Starting with the Shoes


Sometimes the best way to start a sewing plan is from the ground up.  And from the ground, I mean new shoes!  Yesterday, I was floundering about, looking at my fabrics and just couldn't settle on anything- I have too many options.  So, as I often do, I went to my favorite resale shop for inspiration.  There I found a pair of Merrell's with a pretty milk chocolate leather, trimmed in plum, in my size!  I loved the color combo, and they fit my specifications- low heel, good arch support, comfy without socks, and under $30.


So, I came home, and started checking out what fabrics would work with the shoes.  Going into September, October, I like darker, earthier shades.  First I found some rayon/lycra knit prints.  All of these were purchased while traveling. 

This first one I bought in Finland, way back in 2012.  I only have 1-1/2 yards of it, so it will have to be a top.


These next two were bought in Barcelona when we went there for Christmas in 2016. I have about 2-1/2 yards of each of these, so I'm thinking a long tunic or dress, but short sleeved, since it can still be quite hot in September/October.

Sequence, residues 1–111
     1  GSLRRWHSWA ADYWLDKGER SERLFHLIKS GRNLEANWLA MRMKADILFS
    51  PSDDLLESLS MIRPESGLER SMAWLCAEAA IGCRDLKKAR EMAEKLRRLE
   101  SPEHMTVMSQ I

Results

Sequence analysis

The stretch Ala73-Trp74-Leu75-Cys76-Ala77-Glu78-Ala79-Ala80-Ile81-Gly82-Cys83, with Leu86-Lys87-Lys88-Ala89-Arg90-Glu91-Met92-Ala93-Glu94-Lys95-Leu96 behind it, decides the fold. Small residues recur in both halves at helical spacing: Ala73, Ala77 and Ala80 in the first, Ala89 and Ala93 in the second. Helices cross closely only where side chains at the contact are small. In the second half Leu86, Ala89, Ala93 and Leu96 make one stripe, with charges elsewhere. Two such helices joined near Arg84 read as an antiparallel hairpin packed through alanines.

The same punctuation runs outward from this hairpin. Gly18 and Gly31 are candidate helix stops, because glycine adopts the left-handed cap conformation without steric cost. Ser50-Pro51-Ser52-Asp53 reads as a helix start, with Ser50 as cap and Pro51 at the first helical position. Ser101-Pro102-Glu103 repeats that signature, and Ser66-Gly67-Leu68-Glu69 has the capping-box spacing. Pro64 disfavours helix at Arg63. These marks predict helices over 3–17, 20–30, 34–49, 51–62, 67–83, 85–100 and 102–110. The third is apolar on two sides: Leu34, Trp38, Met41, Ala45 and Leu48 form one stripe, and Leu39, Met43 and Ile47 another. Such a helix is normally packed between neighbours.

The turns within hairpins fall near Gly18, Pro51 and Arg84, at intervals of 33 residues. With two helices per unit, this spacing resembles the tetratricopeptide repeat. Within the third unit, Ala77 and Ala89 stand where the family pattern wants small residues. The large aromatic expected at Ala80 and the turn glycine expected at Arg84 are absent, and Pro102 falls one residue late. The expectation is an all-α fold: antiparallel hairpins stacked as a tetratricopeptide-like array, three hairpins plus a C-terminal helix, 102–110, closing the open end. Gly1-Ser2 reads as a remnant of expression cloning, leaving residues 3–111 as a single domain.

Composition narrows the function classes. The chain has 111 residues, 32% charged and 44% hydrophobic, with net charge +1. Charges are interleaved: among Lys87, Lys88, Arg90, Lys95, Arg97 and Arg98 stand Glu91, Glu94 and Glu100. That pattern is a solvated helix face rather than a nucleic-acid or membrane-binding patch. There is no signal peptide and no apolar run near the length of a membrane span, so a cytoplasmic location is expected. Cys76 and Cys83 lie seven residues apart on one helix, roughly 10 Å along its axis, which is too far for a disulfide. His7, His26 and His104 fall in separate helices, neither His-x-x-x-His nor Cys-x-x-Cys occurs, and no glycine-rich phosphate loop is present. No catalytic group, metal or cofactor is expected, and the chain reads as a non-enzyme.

So, for bottoms to wear with the tops, I have a active wear knit in a cocoa brown, and a ponte knit in burgundy that I will make leggings out of.  I believe that these were both mystery bundle fabrics from Fabric Mart.


Then to extend the season and add some textural interest, I'll make some knit cardigans out of these two knits- a taupe patterned sweater knit and a sueded burgundy knit.  I found the sueded burgundy knit at our local re-use shop this summer.


I'm planning on visiting my daughter in Germany in October, and will be bringing this wardrobe with me.  A good travel purse is essential, and I also found this Baggallini cross body bag in taupe at the resale shop that will be ideal.


And lastly, I am a necklace girl, and had to make sure that I have enough necklaces to work with these fabrics.  The first purple one is from my mother's jewelry box, the second one was bought my daughter when she was in Argentina, and the red one with the birds was a present from my husband for our 25th anniversary.  So, all have personal meaning to me.  In contrast, I have no idea where these sunglasses came from- I don't remember buying them, but somehow  they ended up in my house, and I think they are pretty cool looking.